Because of our late start from Bundaberg, and our extended stay in the Whitsundays, we have been moving north at a quicker pace than other boats. We left Cairns on Friday night and sailed overnight 146 nautical miles straight to Lizard Island. Many of our friends stopped in two or three other places along the way like the Low Isles or Cooktown. Lizard Island is most often mentioned as a must-stop location in north Queensland.
We had a good passage overall, a bit of wind at the start soon died out and we had to motor for several hours (using our precious fuel) in order to keep up our speed. The reason we did that is that Saturday night some strong winds would be moving in and we wanted to be in the sheltered bay at Lizard Island by then. But, the winds started building before dawn, and we began sailing again. By early morning, I roused the crew and we set up the spinnaker. The winds were 14-15 knots and they rose only slightly all morning. We were doing 8-9 the entire morning. Around noon they bumped up to the 18-20 knot range and we were doing 9-12 knots (with some surfs on the seas that had now raised up to 2m, but behind us). This was some fun sailing!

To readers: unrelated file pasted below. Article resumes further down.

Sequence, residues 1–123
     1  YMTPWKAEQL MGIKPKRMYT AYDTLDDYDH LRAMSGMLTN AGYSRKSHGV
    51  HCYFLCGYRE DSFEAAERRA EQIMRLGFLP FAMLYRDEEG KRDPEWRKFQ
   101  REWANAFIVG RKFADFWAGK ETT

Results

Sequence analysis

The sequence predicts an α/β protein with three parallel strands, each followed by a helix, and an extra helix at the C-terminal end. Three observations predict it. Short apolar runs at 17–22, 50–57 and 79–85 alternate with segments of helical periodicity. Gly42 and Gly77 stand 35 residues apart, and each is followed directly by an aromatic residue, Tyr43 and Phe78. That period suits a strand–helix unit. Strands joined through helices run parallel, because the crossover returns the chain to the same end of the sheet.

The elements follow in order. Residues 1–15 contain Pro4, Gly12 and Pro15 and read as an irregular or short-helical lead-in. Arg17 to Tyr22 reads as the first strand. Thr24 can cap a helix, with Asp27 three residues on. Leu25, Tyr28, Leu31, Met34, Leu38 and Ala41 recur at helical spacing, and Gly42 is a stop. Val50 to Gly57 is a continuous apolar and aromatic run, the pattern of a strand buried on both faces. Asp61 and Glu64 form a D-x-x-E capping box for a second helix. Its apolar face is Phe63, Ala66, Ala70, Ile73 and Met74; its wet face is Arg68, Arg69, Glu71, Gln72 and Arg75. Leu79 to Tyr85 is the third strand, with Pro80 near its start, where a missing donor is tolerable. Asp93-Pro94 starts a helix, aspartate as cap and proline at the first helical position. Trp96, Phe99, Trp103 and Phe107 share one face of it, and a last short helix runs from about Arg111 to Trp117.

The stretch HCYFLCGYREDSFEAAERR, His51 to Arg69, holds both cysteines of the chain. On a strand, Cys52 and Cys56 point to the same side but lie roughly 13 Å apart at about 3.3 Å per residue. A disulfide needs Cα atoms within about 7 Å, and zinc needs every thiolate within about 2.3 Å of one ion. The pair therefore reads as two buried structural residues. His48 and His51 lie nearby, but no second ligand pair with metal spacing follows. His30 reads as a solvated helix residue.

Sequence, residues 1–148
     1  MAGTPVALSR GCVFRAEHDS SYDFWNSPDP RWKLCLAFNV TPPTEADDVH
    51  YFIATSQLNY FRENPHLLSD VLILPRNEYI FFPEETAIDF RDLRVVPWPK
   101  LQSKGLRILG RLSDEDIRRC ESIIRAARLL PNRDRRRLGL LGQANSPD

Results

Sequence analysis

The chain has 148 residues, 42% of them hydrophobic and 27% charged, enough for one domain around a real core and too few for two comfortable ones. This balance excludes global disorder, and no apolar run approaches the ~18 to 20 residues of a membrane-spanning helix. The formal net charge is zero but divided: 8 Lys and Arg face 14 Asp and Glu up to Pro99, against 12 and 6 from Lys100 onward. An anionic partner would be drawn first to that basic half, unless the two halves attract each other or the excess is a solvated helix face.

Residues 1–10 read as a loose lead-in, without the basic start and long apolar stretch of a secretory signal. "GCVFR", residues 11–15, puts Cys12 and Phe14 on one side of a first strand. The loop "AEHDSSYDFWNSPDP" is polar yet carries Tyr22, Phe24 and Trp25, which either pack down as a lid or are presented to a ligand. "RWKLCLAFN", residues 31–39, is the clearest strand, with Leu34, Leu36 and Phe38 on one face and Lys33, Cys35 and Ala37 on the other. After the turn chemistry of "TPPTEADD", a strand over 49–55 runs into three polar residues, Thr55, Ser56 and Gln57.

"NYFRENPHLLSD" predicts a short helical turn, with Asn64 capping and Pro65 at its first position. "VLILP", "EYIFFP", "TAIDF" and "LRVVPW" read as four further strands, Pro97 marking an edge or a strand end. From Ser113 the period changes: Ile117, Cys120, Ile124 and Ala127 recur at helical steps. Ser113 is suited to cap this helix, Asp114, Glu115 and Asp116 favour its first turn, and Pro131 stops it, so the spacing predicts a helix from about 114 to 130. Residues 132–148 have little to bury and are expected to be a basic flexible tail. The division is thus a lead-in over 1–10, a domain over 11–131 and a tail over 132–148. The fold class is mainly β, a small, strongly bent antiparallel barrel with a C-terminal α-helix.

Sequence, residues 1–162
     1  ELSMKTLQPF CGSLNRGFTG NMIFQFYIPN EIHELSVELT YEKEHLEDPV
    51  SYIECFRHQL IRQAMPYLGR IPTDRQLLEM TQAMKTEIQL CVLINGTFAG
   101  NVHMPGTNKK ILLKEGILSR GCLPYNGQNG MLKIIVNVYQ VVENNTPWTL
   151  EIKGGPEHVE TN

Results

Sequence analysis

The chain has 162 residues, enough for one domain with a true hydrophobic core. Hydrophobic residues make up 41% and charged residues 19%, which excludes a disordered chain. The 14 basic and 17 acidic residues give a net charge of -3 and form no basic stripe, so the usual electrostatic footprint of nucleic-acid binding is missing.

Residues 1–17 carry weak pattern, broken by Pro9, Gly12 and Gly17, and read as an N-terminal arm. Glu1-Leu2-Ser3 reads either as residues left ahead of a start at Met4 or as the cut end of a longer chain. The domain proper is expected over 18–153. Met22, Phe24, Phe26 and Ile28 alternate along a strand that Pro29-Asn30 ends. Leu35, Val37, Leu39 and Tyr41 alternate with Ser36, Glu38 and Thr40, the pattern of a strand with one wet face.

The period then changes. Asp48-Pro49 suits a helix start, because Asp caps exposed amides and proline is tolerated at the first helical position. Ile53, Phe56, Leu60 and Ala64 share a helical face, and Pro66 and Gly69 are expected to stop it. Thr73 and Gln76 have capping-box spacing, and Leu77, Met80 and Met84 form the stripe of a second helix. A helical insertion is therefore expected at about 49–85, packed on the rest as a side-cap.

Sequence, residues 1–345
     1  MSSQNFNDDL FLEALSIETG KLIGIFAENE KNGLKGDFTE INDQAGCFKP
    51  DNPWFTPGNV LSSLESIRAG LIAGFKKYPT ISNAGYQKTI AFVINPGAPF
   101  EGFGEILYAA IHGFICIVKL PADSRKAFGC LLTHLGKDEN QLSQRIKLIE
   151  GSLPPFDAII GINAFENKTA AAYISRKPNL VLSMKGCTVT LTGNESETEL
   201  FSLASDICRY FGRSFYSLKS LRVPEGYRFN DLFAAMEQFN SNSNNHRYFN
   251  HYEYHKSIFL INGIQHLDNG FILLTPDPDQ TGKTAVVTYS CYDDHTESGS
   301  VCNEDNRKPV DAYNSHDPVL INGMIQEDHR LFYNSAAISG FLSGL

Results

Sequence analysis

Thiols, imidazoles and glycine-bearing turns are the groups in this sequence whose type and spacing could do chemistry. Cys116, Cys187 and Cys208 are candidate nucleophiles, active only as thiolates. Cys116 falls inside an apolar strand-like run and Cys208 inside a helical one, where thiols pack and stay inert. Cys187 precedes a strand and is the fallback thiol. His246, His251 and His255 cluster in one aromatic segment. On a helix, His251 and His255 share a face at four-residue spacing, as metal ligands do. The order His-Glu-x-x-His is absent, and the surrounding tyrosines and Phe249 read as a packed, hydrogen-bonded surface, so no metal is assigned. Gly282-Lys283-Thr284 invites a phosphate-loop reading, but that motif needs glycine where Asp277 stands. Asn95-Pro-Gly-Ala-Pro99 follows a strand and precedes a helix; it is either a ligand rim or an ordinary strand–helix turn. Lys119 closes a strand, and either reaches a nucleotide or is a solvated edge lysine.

As soon as the true wind got up to 20 knots, we dropped the spinnaker and put it away. We then just raised the mainsail in the downwind configuration, and were still doing 8-9 knots in the 20-25 knot winds that delivered us the final 30 miles. We arrived at about 3:30 PM at the sheltered bay of Lizard Island. We ended up parking near our friends on s/v Leu Cat. There are at least 15 other boats here, many of whom are also going to Darwin for the rally.
Lizard Island is a very popular stop with cruisers. It normally has very clear waters with excellent snorkeling and diving. There are turtles and giant clams in the bay. The water is warmer than down south. There is a nice white sand beach on shore. The island provides some excellent hikes, including Mount Cook – where James Cook climbed to search for a way out of the reef (which he found just east of here about 15 miles away). The island is dry and has little vegetation. Aboriginal artifacts were found on the island just a few decades ago indicating they visited this island to perform sacred rites of some kind. There is also a resort here, but they do not open their property to the cruising boats here (except they do take trash).